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September 29, 2005

Five Years of Intifada – Look Back, Looking Forward

By: Gershon Baskin*

Special for AMIN

On July 5, 2001 less than one year after the outbreak of the intifada I wrote the following:


If the peace camp in Israel and the peace camp in Palestine are to reengage each other, they must embrace a political platform that is agreeable and sensible.  This platform must be accompanied with a strategy for rebuilding public trust in peace – on both sides.  We must agree that the enemy of peace is the occupation.  The occupation must end.  This does not mean a settlement freeze – it means the dismantling of settlements.  We must support a call for the Government of Israel, and if need be, the international community, to provide funds to buy the settlers out.  This is the primary responsibility of the government of Israel, yet if international funds were also available it would only help to speed up the process.  I believe that there are a large number of settlers who would leave, lock their homes and move back to Israel if someone would buy them out. We must support that process and call for its implementation. 

Settlements are the target.  If the enemy of peace is the occupation, there is no greater manifestation of the occupation than the settlements.  If the Palestinians are really advocating peace along the 1967 borders then the target of their intifada must be the settlements and not Israeli civilians inside of the State of Israel.  Now don’t misunderstand me – I do not  advocate violence against the settlers.  I am opposed to the used of violence by both sides.  I do, however understand that there cannot be an occupation deluxe. There can be no peaceful occupation.  The settlers must be made to understand that they are the primary obstacle to peace.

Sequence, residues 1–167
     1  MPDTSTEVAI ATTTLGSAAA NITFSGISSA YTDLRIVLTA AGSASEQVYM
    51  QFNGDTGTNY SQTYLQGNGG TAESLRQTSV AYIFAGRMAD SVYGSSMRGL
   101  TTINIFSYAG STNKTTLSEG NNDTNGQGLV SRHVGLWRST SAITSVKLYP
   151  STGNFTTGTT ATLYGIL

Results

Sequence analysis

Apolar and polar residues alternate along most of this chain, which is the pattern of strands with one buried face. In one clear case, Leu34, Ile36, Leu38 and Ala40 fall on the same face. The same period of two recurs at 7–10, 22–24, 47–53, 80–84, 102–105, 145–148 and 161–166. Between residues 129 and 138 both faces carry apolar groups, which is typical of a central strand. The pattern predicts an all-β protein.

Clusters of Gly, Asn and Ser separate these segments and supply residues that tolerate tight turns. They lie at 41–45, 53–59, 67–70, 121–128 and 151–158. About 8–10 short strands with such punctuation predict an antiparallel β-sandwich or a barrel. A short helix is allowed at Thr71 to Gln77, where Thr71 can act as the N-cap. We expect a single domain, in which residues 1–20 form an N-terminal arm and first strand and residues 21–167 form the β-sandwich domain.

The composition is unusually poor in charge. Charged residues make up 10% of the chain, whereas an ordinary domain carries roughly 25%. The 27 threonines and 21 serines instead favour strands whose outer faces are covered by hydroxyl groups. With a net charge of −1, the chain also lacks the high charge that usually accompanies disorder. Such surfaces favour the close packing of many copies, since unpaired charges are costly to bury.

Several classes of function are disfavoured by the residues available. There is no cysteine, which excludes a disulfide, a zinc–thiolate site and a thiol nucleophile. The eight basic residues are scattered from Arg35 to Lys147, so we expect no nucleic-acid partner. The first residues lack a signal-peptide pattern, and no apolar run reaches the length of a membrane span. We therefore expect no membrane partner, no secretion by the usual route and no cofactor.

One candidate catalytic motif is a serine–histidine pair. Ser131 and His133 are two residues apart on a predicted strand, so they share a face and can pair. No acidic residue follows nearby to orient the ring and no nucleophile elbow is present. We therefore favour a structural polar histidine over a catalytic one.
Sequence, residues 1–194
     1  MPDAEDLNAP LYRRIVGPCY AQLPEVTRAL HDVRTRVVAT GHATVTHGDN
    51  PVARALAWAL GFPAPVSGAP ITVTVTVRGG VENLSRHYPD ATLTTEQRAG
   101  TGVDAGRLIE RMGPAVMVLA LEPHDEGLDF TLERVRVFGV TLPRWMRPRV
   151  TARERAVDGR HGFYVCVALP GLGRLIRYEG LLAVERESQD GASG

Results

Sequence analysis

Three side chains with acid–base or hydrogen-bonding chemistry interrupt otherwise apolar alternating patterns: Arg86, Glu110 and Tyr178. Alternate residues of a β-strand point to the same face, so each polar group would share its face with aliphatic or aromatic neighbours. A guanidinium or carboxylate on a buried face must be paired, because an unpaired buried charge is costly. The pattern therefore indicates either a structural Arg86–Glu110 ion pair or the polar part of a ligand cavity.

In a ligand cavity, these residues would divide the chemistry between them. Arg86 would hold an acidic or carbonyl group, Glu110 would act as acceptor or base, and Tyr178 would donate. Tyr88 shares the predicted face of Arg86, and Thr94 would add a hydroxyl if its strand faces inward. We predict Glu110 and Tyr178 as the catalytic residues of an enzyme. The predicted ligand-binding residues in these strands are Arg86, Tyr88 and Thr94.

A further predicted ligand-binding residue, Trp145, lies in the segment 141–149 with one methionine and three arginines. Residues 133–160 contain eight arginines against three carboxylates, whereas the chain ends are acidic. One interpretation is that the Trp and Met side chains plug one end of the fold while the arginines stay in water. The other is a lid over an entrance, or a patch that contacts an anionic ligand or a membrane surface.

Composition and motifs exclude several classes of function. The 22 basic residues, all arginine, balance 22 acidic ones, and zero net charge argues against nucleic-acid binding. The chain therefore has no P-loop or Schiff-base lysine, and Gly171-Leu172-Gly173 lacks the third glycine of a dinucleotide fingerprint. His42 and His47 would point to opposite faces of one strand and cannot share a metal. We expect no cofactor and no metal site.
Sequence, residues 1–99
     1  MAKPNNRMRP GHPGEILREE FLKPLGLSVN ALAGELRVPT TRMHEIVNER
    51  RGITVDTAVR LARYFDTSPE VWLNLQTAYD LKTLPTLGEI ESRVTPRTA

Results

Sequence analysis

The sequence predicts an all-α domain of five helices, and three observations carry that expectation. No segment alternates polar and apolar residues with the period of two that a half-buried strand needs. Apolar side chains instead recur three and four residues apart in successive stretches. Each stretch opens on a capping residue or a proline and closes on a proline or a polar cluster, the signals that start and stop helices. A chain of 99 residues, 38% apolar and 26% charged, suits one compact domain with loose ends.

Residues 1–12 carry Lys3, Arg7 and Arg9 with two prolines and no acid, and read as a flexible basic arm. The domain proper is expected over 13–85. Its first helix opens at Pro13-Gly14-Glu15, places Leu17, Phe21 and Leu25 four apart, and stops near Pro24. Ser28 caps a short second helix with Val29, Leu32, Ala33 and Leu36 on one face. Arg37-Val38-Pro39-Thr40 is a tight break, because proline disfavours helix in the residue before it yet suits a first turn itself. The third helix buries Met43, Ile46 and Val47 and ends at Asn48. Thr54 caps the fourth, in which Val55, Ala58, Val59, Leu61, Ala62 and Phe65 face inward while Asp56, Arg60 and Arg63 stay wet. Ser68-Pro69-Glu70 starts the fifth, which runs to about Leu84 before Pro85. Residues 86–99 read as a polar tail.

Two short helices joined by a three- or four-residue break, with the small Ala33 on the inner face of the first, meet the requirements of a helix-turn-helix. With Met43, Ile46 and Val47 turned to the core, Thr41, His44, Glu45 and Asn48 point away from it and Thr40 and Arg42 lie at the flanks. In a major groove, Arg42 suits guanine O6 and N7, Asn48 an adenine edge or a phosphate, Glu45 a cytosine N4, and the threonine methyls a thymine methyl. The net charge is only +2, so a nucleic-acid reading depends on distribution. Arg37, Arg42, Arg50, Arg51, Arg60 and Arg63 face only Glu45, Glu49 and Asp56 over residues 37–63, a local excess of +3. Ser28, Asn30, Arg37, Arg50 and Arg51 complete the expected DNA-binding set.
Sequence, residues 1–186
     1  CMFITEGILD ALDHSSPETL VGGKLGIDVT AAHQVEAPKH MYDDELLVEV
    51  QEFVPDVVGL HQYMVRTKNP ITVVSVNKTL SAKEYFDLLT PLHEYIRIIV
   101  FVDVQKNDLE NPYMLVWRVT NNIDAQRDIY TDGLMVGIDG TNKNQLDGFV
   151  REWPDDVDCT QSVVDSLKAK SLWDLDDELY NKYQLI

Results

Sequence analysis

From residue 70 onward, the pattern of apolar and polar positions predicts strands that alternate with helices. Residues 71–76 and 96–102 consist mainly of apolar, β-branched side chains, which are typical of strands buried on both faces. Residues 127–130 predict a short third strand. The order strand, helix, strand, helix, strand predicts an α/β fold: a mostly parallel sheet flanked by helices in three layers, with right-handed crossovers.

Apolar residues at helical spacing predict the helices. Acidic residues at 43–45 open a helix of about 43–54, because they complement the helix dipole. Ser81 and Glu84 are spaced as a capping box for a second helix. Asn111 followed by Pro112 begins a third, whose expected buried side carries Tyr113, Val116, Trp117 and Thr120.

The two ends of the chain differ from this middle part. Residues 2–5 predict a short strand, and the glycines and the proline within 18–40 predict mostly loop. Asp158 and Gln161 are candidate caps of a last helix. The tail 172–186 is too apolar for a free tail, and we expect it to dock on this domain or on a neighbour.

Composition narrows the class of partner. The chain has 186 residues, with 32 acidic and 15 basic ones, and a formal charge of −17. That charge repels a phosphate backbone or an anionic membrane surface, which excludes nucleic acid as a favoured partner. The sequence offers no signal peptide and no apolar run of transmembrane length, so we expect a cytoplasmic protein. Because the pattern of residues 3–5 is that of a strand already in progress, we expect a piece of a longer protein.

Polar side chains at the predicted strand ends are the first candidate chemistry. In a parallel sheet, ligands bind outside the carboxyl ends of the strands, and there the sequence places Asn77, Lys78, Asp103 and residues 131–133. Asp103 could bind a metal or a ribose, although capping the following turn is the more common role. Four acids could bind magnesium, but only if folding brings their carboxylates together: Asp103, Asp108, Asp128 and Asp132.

A Palestinian strategy that will focus attention on the ways that the settlements destroy their freedom and ruin their lives – pointed to Israelis and the international community, will increase empathy with the Palestinian cause worldwide and within Israel and will gain more support for peace than attacking and killing settlers.  There are very effective means that can be employed to make the lives of the settlers “hell” without killing them.  Already today 52% of Israelis support removing settlers by force in order to separate from the Palestinians.  However, the killing of settlers only increases worldwide and Israeli sympathy for them – this is counter productive.

The Israeli peace camp and the Palestinian peace camp must agree on a clearly worded and explicit peace declaration as a political platform.  This declaration should reiterate the principles of mutual recognition and commitment to lasting peace.  It must include the demand for the establishment of an independent Palestinian state in the lands of the June 4, 1967 boundaries.  It must call for the sharing of Jerusalem as a joint capital of the two states with open boundaries between Israeli and Palestinian Jerusalem.  It should call for recognition of Palestinian sovereignty over the Haram al Sharif while Palestinians must also recognize the historic and religious heritage of the Jewish People to their most Holy Site – the Temple Mount.  The status quo of Muslim Waqf control over the Haram al Sharif does not have to change, but Palestinian recognition of Jewish connections to the site would be both historically correct and would mend the terrible error made in Camp David when Arafat tried to deny that there were any Jewish connections of this type.  The document must also call for the final resolution of the refugee issue, addressing refugee needs for justice while assuring that Israel will not be overrun by returnees.  The document should call for economic, environmental and water cooperation between the State of Israel and the State of Palestine.  The document should demand the end of incitement on both sides and a call for implementing effective peace education strategies in the schools of Israel and Palestine.  The document should call on the media of both sides to play a positive role in generating public support for peace. The document should call for finality of the conflict and a commitment to lasting peace.